Pertinax served under the benevolent Marcus Aurelius (161-180) and his tyrannical son Commodus (177-192), so he witnessed both the good qualities of an Emperor and the corruption. Pertinax made a superb general, and won praise from Commodus and appointments to important civil positions such as Consul and Prefect of Rome. At the time of Commodus’ assassination, Pertinax quickly secured the position of master of the Roman state by first winning over the Praetorian Guard and then the Senators. Upon his succession Pertinax set to work cleaning up the corruption in the Roman government. Unfortunately, Pertinax tried to reform the system too quickly and angered the people who could arrange to overthrow him. Pertinax survived the first coup by governmental officials, but eventually the Praetorian Guard turned on him too. Sedition broke out in the barracks and the soldiers rushed the Imperial palace and murdered Pertinax. This assassination was not planned, but succeeded where the first attempt failed. The soldiers immediately regretted this event, and offered the throne to a relative of Pertinax. However a wealthy senator Didius Julianus arrived and bribed the Guard to become emperor. This unprecedented maneuver soiled the position, and ushered in a renewed period of civil war.
Pertinax had incredible potential to fix the problems facing the Roman Empire, which had turned away from the values that made it great. Rome’s ruling elite were exceedingly corrupt, and Commodus compounded this problem. Pertinax represented the honorable and spectacular Roman military and as a general, Pertinax used a watch-word that also represented the future of Rome, a future that belonged to military leaders. This phrase was militemus, “Let us be soldiers”.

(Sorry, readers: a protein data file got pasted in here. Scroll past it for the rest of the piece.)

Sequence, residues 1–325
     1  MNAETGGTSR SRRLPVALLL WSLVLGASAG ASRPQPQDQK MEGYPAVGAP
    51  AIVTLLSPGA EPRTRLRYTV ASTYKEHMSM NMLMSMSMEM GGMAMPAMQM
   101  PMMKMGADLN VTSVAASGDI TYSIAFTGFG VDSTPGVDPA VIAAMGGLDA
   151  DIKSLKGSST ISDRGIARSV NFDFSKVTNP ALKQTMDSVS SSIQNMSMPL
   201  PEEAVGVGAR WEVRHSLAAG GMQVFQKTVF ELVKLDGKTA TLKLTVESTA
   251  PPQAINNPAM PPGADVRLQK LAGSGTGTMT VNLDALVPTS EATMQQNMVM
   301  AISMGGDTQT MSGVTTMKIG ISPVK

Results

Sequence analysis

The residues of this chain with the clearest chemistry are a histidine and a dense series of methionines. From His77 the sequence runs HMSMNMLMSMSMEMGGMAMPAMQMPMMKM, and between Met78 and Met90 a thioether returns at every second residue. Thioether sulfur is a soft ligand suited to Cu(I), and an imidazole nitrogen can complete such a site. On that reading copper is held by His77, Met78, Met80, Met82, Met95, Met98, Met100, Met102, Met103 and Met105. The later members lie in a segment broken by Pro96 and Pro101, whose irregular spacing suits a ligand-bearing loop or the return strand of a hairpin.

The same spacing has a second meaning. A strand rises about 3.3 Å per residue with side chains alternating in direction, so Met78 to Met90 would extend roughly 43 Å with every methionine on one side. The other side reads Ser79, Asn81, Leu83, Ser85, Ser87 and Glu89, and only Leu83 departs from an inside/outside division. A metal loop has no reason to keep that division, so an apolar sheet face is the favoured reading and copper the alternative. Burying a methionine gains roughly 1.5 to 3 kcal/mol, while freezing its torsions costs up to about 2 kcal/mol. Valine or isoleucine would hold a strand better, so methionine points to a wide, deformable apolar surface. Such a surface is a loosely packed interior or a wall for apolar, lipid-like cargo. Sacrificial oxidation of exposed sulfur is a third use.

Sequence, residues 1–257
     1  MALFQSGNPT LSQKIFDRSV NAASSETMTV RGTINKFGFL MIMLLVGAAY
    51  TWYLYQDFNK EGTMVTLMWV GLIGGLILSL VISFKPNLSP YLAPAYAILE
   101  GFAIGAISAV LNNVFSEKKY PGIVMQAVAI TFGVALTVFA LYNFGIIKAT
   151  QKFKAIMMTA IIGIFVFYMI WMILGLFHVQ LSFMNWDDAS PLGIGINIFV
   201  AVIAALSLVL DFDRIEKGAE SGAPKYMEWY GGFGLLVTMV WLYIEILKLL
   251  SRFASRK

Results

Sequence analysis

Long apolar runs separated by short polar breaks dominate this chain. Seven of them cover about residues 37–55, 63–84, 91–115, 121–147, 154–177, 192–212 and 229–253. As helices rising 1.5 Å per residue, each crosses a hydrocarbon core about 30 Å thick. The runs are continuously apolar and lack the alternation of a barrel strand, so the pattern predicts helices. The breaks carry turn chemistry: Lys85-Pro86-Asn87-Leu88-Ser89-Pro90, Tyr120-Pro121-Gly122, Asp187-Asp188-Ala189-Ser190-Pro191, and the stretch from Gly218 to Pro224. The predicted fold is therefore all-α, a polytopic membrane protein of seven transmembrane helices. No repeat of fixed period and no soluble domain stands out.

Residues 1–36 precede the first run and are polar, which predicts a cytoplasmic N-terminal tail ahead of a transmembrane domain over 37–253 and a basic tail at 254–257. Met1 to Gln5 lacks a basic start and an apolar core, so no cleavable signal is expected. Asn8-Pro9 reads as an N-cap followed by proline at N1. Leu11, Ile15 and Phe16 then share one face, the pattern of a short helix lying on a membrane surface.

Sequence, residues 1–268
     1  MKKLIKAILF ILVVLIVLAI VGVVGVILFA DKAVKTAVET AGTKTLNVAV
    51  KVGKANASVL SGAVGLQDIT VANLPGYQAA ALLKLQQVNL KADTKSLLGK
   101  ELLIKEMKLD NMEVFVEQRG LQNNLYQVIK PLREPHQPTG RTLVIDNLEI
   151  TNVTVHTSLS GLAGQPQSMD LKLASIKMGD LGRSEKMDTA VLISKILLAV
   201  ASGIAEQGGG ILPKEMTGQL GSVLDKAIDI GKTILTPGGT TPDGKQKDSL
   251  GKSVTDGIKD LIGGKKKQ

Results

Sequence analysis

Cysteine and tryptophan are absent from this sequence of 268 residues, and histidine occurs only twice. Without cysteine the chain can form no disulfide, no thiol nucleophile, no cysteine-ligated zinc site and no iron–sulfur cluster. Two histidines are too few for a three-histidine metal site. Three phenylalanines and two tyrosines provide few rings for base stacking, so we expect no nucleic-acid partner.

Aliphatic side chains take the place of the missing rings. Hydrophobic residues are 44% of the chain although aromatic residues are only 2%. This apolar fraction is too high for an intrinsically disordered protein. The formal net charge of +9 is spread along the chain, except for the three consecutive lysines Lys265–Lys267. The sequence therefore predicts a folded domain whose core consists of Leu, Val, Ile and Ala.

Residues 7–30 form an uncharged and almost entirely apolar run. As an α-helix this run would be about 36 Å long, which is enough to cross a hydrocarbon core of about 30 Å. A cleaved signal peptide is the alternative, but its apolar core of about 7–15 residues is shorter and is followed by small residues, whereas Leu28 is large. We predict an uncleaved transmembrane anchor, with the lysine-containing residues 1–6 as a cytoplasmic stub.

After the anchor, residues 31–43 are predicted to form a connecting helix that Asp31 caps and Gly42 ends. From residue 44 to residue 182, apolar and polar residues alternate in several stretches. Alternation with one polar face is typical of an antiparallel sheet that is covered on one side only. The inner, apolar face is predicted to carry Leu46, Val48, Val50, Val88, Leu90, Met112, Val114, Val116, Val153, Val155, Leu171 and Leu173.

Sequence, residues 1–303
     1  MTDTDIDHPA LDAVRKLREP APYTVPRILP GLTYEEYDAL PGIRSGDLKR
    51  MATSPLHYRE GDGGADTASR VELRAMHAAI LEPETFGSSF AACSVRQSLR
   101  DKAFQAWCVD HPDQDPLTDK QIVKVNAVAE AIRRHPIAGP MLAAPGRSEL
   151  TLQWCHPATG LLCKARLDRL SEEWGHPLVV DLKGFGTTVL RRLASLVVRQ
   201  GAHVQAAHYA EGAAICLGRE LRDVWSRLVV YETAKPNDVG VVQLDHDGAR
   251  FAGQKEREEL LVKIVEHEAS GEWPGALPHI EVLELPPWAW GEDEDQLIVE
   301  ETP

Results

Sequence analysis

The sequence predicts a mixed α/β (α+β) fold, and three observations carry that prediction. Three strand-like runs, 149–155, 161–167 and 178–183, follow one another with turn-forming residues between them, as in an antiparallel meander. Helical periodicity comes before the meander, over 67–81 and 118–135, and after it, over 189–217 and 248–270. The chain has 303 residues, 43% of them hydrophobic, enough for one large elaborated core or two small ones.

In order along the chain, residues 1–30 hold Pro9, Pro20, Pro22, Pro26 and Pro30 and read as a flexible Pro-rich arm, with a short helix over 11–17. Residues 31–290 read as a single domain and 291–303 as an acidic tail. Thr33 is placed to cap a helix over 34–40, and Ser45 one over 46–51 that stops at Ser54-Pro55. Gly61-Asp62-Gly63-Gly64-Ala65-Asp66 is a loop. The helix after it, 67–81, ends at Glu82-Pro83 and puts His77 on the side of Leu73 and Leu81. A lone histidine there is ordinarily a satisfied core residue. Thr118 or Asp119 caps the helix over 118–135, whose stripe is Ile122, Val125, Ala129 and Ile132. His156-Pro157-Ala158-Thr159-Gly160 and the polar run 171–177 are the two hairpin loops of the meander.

This Aureus is in magnificent condition, fully lustrous and remarkably choice. The level of artistic detail in the portrait is astounding; it is rendered in high relief and the style is impeccable. The obverse is a right facing bust of Pertinax with a laureate, surrounded by an inscription. The inscription reads: “IMP. CAES. P. HELV. PERTIN. AVG.” which translates to “Imperator Caesar Publius Helvius Pertinax Augustus” the full name of Pertinax along with the titles Imperator (military command/victory) Caesar (one of the titles held by the Emperor) and Augustus (the Exalted one, or simply Emperor). The level of detail in Pertinax’s features, from his beard curls to his laureate crown is amazing. The reverse depicts the Roman goddess Laetitia, the goddess of happiness, standing facing left while holding a wreath in her right hand and a scepter in her left. The level of detail is remarkable here as well, fully lustrous, high relief and of good artistic style and details. The inscription states the goddess’ name, LAETITIA and includes Pertinax’s governmental titles of Consul for the second time. This coin is very rare, especially when considered that Pertinax ruled for only 86 days. A must-have for any collector of Roman Imperial, Roman Gold, or history buffs.
Preview this impressive coin and the entire Robert O. Ebert Collection January 11-12, 2013, at the Stack’s Bowers and Ponterio Official NYINC Auction, held at The Waldorf Astoria, New York. Earlier viewings are also available by appointment in Irvine, California or New York City, for details please refer to the Auction Schedule/Details link under Current Auctions at www.StacksBowers.com. To schedule an appointment, please call 800.458.4646 (West Coast) or 800.566.2580 (East Coast).